The Chartered society (CSP) advises two years of experience and further training before embarking on this path. Private practices offer ample opportunities in the same fields and some physios aim to set up their own practice or become ‘freelance’, depending on commitments and their career direction.
To practice as a physiotherapist, you must be registered with the Health and Care Professions Council (HCPC). In order to register with the HCPC, you must successfully complete an HCPC-approved programme in physiotherapy. All pre-registration and acceleration courses are approved by this body.
The Chartered Society of Physiotherapy is the UK’s professional, educational and trade union body with more than 51,000 members, including chartered physiotherapists, physiotherapy students and support workers.
Membership includes liability insurance and representation. Jennifer Duthie says: “It would be in their interest to join, they benefit from a professional journal, regular policy and campaign updates.”
Jennifer Adims, a physio at West Middlesex University Hospital, currently on a rotational placement. She studied sports therapy at London Met for her undergraduate degree and then for the PGdip pre-registration physiotherapy course at Teeside University.
“Really, I have always wanted to be a physio. I was sporty from a young age. Sports therapy focuses on musculoskeletal, but I wanted to branch out to get a better foundation, as musculoskeletal is just one aspect of physio-there’s respiratory, neurological and women’s health and even paediatric physiotherapy.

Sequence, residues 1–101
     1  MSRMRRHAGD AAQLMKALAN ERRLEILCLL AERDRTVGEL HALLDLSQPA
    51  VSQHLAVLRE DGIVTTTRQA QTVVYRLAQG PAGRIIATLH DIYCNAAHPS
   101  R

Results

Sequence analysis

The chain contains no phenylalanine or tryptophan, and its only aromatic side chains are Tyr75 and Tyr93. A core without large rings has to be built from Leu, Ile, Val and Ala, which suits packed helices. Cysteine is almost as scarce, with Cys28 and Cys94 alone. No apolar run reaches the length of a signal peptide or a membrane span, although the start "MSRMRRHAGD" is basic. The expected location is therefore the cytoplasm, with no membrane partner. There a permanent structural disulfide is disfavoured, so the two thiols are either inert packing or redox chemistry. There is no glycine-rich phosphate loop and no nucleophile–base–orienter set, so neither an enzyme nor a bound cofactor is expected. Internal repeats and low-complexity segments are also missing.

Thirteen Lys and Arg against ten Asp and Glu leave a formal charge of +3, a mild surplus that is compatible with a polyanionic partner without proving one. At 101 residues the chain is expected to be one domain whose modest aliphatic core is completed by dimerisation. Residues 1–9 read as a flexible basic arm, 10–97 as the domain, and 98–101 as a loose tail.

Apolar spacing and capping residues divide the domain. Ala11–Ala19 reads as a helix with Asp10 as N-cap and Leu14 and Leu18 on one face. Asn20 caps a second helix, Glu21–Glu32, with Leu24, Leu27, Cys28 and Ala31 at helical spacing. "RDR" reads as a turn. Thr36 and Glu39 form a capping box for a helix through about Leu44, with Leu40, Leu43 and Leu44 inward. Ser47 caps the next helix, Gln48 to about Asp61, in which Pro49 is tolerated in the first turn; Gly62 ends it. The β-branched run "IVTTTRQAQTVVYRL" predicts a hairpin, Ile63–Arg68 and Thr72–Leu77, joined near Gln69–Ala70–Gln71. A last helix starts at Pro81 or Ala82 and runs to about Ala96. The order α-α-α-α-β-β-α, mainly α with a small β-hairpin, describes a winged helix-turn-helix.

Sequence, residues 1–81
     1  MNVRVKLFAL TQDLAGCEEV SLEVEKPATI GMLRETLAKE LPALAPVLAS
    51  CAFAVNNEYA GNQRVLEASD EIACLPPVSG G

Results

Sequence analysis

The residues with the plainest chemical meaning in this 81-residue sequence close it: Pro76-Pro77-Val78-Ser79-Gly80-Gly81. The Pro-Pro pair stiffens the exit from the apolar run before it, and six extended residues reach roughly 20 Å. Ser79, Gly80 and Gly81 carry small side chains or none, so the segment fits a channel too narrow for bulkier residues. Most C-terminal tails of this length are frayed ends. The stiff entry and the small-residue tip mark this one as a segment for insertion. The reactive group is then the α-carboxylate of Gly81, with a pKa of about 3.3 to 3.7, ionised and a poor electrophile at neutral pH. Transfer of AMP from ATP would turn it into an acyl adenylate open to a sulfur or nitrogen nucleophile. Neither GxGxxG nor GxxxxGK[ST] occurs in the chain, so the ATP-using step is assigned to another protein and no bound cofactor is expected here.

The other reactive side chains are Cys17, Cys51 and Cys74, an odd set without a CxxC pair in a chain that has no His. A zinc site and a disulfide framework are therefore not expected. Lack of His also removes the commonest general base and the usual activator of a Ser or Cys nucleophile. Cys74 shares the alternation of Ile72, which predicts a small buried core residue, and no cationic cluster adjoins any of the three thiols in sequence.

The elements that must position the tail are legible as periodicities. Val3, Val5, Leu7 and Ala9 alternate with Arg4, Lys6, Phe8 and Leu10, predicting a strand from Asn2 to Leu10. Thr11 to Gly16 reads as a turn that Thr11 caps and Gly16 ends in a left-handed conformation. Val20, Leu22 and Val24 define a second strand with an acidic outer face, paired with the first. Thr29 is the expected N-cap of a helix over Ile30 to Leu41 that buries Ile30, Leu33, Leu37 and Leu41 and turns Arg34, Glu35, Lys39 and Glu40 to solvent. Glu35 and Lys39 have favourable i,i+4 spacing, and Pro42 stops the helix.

I needed a good 2:1 and a load of experience. I spoke more about my experience in my interview than I did my qualifications. You don’t necessarily need all your work experience to be with a physio, chiropractors or other complementary medical practices will stand you in good stead. I worked as a personal trainer, at Waltham forest, the London Irish rugby club and Chingford rugby club and also at a care home.
My favourite aspect of the postgrad course was the clinical placements; it’s the best experience to replicate the real working world. If you can crack on with that, the course is definitely for you.”
Specialist courses range from broad titles such as ‘advanced physiotherapy’ or ‘sports injury’ to more specific areas, such as ‘hand therapy’ or ‘stroke rehabilitation’.
As mentioned above, these courses are designed to further your knowledge or help you to specialise in particular area or technique of physiotherapy.< /p>
Most specialist MSc and advanced physiotherapy courses require a physiotherapy qualification, registration and experience in either the field of the prospective course or in physiotherapy in general.
However, it varies from course to course so browse courses to see the specific requirements for specific programmes you may be interested in.